<datasources>
    <local-tx-datasource>
        <jndi-name>wirelustDatasource</jndi-name>
        <connection-url>jdbc:jtds:sqlserver://sql.wirelust.com/wirelust</connection-url>
        <use-java-context>false</use-java-context>
        <driver-class>net.sourceforge.jtds.jdbc.Driver</driver-class>
        <user-name>username</user-name>
        <password>password</password>
 
        <Pool.LogAbandoned>false</Pool.LogAbandoned>
        <Pool.RemoveAbandoned>false</Pool.RemoveAbandoned>
        <Pool.RemoveAbandonedTimeout>50000</Pool.RemoveAbandonedTimeout>
   </local-tx-datasource>
</datasources>

In order to bind to the correct virtual host, you have to create a new file in your exploded WEB-INF directory called jboss-web.xml with these contents:

<!DOCTYPE jboss-web PUBLIC
    "-//JBoss//DTD Web Application 4.2//EN"
    "http://www.jboss.org/j2ee/dtd/jboss-web_4_2.dtd">
 
<jboss-web>  
    <context-root>/</context-root>  
    <virtual-host>wirelust.com</virtual-host>
</jboss-web>

Then the last change you have to make is how you are looking up your datasource in the application.
If you have code like this in your tomcat application it will fail because your jndi is not bound to java:comp/env:

Context ctx = new InitialContext();
Context envCtx = (Context) ctx.lookup("java:comp/env");
DataSource ds = (DataSource)envCtx.lookup("wirelustDatasource");
con = ds.getConnection();

This of course can be fixed with some further configuration and resource-ref settings but I couldn’t get that to work so I just changed the code to work either way:

Context ctx = null;
Context envCtx = null;
DataSource ds = null;
Connection con = null;
 
try {
	ctx = new InitialContext();
} catch (NamingException e) {
	e.printStackTrace();
}
 
if (ctx != null) {
	try {
		// look for the datasource in the tomcat location
		envCtx = (Context) ctx.lookup("java:comp/env");
		ds = (DataSource)envCtx.lookup("wirelustDatasource");
	} catch (javax.naming.NameNotFoundException nnfe) {
		try {
			// look for it in the jboss location
			ds = (DataSource)ctx.lookup(wirelustDatasource);
		} catch (Exception e) {
			e.printStackTrace();
		}
	} catch (Exception e) {
		e.printStackTrace();
	}
}
 
 
// open the connection
if (ds != null) {
	try {
		con = ds.getConnection();
	} catch (Exception e) {
		e.printStackTrace();
	}
}

Converting binary to signed decimal in Actionscript

Wednesday, April 8th, 2009

If you’re like me, you may have been living these past few years taking advantage of the luxury of new sleek programming languages that rarely require you to do low level operations. One of the old skills I seem to always let get rusty enough is bitwise operation. Most code written with the help of frameworks doesn’t require this type of code and most programmers probably don’t even bother to learn it anymore.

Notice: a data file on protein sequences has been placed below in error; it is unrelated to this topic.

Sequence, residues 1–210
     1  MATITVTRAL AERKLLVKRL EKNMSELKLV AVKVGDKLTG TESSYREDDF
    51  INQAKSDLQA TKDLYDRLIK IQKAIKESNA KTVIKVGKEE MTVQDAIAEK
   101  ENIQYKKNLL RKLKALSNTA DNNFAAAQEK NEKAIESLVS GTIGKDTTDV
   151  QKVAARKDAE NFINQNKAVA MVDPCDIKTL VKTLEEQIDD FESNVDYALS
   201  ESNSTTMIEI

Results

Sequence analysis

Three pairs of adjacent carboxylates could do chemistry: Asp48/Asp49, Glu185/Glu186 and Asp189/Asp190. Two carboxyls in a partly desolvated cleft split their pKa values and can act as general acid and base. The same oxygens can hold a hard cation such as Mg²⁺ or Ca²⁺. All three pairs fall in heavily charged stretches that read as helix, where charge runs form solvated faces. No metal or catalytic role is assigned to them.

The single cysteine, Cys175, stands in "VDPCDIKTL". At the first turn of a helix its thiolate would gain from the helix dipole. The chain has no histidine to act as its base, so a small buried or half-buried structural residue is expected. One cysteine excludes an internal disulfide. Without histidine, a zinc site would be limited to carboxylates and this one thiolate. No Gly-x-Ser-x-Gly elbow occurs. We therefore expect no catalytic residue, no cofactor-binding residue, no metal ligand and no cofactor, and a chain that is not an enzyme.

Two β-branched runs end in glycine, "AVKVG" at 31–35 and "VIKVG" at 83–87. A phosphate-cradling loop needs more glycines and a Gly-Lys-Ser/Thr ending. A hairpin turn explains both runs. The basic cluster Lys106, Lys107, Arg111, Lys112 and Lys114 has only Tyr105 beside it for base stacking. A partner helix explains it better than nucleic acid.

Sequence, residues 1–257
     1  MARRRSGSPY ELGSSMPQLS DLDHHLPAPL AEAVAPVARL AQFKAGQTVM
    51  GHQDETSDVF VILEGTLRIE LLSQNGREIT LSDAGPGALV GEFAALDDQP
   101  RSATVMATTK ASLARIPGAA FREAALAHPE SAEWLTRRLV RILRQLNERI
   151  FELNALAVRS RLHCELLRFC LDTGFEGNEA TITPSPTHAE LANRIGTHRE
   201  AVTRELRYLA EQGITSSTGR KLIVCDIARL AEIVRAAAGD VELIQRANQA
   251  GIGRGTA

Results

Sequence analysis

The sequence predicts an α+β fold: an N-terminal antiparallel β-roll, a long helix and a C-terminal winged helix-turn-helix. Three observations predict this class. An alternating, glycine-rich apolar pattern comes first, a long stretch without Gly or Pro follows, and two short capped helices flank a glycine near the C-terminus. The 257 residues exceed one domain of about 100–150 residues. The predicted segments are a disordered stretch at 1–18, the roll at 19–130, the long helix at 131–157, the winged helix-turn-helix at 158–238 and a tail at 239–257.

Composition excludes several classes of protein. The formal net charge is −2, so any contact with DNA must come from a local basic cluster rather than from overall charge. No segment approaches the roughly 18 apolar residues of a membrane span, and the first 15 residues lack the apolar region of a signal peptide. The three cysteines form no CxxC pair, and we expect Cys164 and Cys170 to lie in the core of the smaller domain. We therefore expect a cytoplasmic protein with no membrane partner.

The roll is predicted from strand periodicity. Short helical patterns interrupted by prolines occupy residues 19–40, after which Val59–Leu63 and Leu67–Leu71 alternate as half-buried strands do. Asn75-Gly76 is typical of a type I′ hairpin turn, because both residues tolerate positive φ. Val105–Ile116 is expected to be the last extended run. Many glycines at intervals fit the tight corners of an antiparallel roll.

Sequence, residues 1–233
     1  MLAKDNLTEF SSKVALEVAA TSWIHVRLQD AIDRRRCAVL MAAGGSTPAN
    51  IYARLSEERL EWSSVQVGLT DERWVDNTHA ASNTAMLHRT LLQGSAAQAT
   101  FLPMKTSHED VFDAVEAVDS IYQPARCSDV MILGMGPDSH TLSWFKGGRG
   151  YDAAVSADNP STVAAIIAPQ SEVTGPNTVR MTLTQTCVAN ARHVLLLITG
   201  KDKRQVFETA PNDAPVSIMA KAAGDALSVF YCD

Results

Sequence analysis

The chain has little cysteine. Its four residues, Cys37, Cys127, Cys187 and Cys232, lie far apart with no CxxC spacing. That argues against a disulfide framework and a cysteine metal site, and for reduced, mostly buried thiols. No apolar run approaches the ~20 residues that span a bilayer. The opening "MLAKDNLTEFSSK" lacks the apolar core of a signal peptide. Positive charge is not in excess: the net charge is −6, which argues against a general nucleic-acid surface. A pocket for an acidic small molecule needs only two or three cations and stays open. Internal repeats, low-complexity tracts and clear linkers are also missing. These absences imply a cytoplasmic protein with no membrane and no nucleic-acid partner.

I came into an instance yesterday where I needed to do some bitwise work in actionscript. The code was reading a bytestream from a binary file and converting to an array of numbers. Since this project was ported from Java (by someone else), a simple operation was overlooked. It was taking the binary number and converting it to a signed short. Since actionscript doesn’t have the same casting mechanisms conversion isn’t as straight forward in java.

In java the operation looked like this:

//  binary: 1111 1111 1111 0001
int hexValue = 0xFFF1;
 
short value = (short)(hexValue);
// value = -15 

Since short in java is always stored with a signed bit, the cast appropriately set the value at -15.

The way this was translated into Actionscript looked liked this:

//  binary: 1111 1111 1111 0001
var hexValue:int = 0xFFF1;
 
var value:int = int(hexValue);
// value = 65521  // Wrong! 

Actionscript has no concept of casting for primitives so the int(hexValue) doesn’t do anything at all.

Here is the workaround I came up with, I suspect there is a shorter way to get the same result but I can’t think of one right now.

//  binary: 1111 1111 1111 0001
var hexValue:int = 0xFFF1;
 
// get everything except the signed bit "111 1111 1111 0001"
var unsignedValue:Number = (hexValue & 0x7FFF);  
// unsignedValue now equals 32,753
 
var signedValue:Number = unsignedValue;
 
// if the signed flag is set, flip the value
if ((hexValue >> 15) == 1) {
    signedValue = unsignedValue - 0x8000;   // 0x800 =  32,768 (maximum 15 bit number)
}
 
// signedValue = -15 

Picture Pump

Monday, April 6th, 2009